This is an ancient breed that has contributed to the development of all the other Tibetan breeds, from the Shih-Tzû to the Lhasa Apso to the Tibetan spaniel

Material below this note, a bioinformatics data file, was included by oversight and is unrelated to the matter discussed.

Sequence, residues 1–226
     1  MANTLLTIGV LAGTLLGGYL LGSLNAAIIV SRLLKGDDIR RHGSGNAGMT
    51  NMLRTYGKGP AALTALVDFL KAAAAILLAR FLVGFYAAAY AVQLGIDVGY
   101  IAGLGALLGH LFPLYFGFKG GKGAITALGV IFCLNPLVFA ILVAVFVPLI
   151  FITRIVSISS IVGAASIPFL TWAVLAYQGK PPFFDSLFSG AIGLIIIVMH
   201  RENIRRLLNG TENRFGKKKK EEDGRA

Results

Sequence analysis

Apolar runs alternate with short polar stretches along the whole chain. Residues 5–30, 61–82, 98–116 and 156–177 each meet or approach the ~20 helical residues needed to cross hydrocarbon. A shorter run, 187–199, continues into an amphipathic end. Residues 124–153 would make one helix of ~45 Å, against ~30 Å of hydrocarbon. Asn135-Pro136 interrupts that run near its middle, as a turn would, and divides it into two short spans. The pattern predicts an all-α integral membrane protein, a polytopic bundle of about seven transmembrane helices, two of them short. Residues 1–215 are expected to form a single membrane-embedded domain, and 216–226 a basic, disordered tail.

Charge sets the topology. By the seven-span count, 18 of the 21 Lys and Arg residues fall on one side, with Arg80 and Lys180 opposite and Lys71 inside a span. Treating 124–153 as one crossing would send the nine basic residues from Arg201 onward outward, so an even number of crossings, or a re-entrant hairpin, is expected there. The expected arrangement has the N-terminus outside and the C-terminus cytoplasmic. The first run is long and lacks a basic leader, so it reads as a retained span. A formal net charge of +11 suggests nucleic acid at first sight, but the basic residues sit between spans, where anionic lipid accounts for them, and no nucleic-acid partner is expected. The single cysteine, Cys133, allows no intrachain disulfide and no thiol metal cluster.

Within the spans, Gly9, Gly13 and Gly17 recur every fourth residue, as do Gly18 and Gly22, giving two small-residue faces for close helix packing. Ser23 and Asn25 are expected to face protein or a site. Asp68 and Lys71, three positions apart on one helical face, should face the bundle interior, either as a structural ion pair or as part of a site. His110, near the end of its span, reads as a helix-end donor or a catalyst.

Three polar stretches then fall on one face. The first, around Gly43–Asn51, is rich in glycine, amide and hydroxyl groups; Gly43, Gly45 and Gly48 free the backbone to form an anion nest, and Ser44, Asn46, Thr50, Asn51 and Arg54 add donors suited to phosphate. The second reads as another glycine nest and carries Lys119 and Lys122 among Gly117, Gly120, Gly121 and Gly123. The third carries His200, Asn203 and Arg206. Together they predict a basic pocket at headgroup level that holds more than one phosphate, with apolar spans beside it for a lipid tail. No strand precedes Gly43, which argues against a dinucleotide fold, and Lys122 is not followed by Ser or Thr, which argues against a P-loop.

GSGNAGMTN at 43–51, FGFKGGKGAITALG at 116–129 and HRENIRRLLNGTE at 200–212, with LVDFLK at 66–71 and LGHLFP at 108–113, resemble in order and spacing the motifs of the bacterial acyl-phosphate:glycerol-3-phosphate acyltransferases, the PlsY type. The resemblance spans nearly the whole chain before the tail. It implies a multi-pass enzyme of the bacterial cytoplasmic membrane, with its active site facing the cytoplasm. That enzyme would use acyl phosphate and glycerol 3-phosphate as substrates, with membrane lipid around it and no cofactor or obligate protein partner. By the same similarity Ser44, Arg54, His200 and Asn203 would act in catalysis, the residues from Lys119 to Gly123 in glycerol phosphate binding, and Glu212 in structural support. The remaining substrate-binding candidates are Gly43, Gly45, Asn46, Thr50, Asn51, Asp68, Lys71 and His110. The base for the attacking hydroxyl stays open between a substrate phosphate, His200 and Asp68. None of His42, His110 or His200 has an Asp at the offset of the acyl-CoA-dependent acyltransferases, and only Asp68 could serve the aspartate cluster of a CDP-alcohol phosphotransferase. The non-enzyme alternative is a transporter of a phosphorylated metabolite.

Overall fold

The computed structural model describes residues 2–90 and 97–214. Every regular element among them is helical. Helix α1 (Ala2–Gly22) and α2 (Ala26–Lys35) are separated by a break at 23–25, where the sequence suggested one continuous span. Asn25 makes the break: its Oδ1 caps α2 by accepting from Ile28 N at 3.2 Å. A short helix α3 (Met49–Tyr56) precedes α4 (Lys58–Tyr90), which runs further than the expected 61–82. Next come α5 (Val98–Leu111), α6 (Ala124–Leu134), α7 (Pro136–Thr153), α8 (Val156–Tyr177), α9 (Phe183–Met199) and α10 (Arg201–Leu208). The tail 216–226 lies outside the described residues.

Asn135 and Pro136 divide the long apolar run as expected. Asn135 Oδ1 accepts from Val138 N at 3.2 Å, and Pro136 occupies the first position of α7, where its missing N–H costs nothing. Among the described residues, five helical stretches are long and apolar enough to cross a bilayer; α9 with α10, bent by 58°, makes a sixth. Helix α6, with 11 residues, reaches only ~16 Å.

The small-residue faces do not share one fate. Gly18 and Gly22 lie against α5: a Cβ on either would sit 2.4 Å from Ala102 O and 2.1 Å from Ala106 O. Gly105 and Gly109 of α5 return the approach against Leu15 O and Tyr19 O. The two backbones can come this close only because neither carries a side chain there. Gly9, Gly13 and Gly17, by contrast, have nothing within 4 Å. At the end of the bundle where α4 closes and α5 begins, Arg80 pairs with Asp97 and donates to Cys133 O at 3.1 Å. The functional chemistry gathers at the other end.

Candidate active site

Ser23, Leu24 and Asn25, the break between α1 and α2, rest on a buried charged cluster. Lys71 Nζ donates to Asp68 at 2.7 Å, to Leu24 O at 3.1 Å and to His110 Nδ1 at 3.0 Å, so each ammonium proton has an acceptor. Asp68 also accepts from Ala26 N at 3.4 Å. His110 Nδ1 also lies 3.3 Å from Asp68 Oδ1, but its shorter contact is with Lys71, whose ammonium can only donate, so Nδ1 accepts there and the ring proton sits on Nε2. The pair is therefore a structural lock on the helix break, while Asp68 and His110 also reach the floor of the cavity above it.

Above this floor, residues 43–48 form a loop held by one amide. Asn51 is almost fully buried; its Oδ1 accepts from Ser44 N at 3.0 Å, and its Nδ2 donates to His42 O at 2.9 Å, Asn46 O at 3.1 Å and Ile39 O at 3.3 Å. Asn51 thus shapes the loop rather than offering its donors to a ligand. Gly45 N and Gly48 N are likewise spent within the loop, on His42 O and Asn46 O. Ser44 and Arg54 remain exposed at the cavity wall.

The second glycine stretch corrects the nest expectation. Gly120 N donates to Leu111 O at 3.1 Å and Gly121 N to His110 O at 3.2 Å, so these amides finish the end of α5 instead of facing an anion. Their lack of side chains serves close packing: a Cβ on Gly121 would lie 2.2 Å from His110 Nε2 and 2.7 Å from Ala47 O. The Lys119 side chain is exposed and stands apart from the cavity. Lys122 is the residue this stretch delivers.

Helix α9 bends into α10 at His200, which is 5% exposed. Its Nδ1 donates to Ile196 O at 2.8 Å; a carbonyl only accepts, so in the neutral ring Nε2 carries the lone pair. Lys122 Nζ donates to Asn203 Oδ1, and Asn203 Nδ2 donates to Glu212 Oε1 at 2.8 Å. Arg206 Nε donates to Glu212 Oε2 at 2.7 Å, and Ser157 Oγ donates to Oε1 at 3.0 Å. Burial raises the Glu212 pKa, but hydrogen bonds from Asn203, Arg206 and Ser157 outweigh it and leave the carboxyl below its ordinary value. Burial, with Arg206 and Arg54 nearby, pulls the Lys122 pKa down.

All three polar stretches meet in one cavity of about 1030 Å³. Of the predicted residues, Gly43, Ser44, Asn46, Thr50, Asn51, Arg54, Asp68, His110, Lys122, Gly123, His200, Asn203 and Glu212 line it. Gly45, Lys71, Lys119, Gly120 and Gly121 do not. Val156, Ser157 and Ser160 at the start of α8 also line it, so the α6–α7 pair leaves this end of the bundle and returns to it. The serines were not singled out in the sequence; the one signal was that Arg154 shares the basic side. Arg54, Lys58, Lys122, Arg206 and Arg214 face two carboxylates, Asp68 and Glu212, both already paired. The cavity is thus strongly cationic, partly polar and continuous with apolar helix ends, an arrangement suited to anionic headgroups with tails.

The Tibetan Terrier is a powerful, medium-sized dog of square proportions, with a shaggy coat. They vary widely in height and weight, ranging from 14-16 in (35–41 cm) and is 18-30 lb (8–14 kg), with 20-24 lb (9.5–11 kg) preferred for either sex. All weights are acceptable if in proportion to the size. Fully grown, the Tibetan Terrier resembles a miniaturized Old English Sheepdog. The head is moderate, with a strong muzzle of medium length, and a skull neither rounded nor flat. The eyes are large, dark, and set fairly far apart. The V-shaped drop ears are well-feathered, and should be set high on the sides of the skull. Although the preferred colour for the nose is black, in showdogs, they are also sometimes brown. The body is well-muscled and compact. The length of the back should be equal to the height at the withers, giving the breed its typical square look. The tail is set high, well-feathered, and carried in a curl over the back. One of the more unusual features of the Tibetan Terrier is their broad, flat feet with hair between the toes, which are ideal for climbing mountains, acting as natural snow shoes.